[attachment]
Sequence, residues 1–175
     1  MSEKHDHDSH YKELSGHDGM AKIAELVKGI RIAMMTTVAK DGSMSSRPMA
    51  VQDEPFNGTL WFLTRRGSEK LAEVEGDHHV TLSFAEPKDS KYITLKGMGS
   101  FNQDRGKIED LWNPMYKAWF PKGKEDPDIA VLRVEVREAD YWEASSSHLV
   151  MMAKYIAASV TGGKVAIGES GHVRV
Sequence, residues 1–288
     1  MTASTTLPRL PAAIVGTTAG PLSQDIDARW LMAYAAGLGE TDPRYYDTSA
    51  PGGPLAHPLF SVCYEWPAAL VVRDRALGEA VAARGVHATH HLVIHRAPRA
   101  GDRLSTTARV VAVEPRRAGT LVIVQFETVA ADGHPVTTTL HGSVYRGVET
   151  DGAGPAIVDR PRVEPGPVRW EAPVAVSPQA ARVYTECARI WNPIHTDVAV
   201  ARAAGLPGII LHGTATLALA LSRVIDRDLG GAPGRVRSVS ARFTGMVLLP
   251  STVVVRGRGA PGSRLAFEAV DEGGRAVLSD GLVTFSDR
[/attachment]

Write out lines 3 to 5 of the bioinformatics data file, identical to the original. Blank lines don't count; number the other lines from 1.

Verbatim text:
    51  VQDEPFNGTL WFLTRRGSEK LAEVEGDHHV TLSFAEPKDS KYITLKGMGS
   101  FNQDRGKIED LWNPMYKAWF PKGKEDPDIA VLRVEVREAD YWEASSSHLV
   151  MMAKYIAASV TGGKVAIGES GHVRV